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Getting to the truth when covering measles outbreak Date: 11/01/19


Melba
Newsome

By Bara Vaida

A basic tenet in reporting is that there are two sides to a story, but in public health, that may not always be the case, says Melba Newsome, a Charlotte, N.C.-based freelance health care journalist whose work has appeared in the New York Times, O magazine, Time, and other publications.

Newsome was confronted with this challenge when writing an in-depth story for CQ Researcher on the recent measles outbreak, and the story behind how the contagious disease has made a come back in the era of modern medicine. A big piece of the story is the spread of misleading information by organizations that exploit people’s fears about vaccines, and the role the media played by giving these organizations a voice in an effort to provide balance, she says.

Reporters, she says, should be more focused on the scientific evidence that shows vaccines are safe and effective, rather than giving voice to fears. To read more about her thoughts and how she reported her story on measles, read the edited interview with Newsome:

Q: Why did you decide to write this story?

Melba Newsome: I thought writing about the return of the measles would be an interesting story because it crystalizes the impact of the anti-vaccine [movement] and puts it in real concrete terms for what we thought was happening [to public health.] What we thought had been eradicated, was back.

Q: What was the most striking thing that you learned while reporting on this story?

A: It crystalized the harm being done by the anti-vaccine movement. The point that I made is that I think it is just the canary in the coal mine in terms of [potential] disease outbreaks. Measles is the most infectious of these diseases. It is the first one that will show up [when there is a problem] and it portends future challenges for our health care system. Also, a lot of younger people didn’t grow up with disease so they think not having a vaccine is no big deal. Vaccines are a casualty of their own success in may ways. Because we have lived in the mass vaccination era, we don’t regularly see these diseases. Young people don’t know anyone with polio. They just think, it is a natural state for there to be no polio. But if you were just a little older, you knew people who had mumps and measles and polio and had to be hospitalized.

Q: What were the challenges to writing this piece and how did you overcome them?

A: There is an abundance of evidence out there, so it wasn’t hard to research. This is a health policy matter. The head of the National Institutes of Allergy and Infectious Disease, Anthony Fauci, has made this a high priority and so he was willing to be interviewed for this story. It was easy to get people on the pro-immunization side of the story. But finding someone who was opposed to vaccination, to get someone credible, was challenging. The whole objection to vaccines is absurd. It is still driven by the that now-withdrawn Lancet report that has been repeatedly debunked. The researcher who wrote that report lost his medical license. But there is a permanence of that report. The lie has been enduring. That [false report] has done more to hurt vaccines than anything else. So it was really hard to find someone who had credibility. I finally found a lawyer who represents plaintiffs who oppose the elimination of personal and religious exemptions to vaccines.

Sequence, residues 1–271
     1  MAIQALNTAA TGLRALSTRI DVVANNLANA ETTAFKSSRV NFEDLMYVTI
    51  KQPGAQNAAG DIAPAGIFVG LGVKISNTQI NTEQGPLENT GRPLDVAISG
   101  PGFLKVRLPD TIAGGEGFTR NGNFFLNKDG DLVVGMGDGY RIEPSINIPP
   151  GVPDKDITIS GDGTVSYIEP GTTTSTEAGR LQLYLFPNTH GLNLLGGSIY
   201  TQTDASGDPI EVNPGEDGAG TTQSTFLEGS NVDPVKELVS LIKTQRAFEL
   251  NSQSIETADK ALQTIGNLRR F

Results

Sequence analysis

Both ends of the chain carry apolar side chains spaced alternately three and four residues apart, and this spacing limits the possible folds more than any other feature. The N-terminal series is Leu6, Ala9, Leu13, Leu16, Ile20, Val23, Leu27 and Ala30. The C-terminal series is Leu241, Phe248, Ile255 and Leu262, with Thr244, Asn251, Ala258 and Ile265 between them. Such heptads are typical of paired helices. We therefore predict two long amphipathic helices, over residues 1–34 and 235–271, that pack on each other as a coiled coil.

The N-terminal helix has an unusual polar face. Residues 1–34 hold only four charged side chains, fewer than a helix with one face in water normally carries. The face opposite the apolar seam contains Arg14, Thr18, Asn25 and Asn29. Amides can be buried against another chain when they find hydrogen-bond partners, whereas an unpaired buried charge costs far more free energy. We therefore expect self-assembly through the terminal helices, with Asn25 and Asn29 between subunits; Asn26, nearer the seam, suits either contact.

Q: You raise an interesting challenge with regard to covering this vaccine story. Reporters are required to get both sides of a story, but what if the other point of view isn’t based on evidence, but rather on fear. What advice you have for reporters dealing with this challenge?

A: We, as journalists, have made an error in thinking balance is always a good thing. That isn’t our job. Balance isn’t more important than truth. There is no balance here on whether vaccines give autism. To give credit to this [point of view on vaccine opposition] isn’t our job. Every story doesn’t have two sides. That isn’t to say you don’t mention it, but don’t give equal weight to it. This drive for objectivity can lead us down the road of discredited claims and it is a mistake. You need to state what is out there and what the objections are, but you also can’t report on this as if there isn’t an existing objective truth, based on decades of scientific evidence.

Q: What were your favorite resources in researching this story?

A: I would say the information provided by the Centers for Disease Control and Prevention, the World Health Organization, and the National Institutes of Health. I really got a lot of great information from the vaccine nonprofit, the California Immunization Coalition, which is working to boost vaccine rates. The National Conference of State Legislatures is tracking what is happening in state legislatures with regard to religious and personal exemptions, and that was helpful.

Q: What other advice might you have for journalists covering measles or any other infectious disease outbreak?

A: Find a good story. Like that one I started with Rachel, an Orthodox Jew living in Brooklyn’s Williamsburg neighborhood and chose not to vaccinate the youngest of her seven children, because her eldest child became sick after receiving the measles vaccine. That is a good entry point for telling a story about infectious diseases and gets the general population interested.

Melba Newsome is an award-winning freelance writer. Her work has appeared in Time, O Magazine, ESPN Magazine, National Geographic, Wired and The New York Times.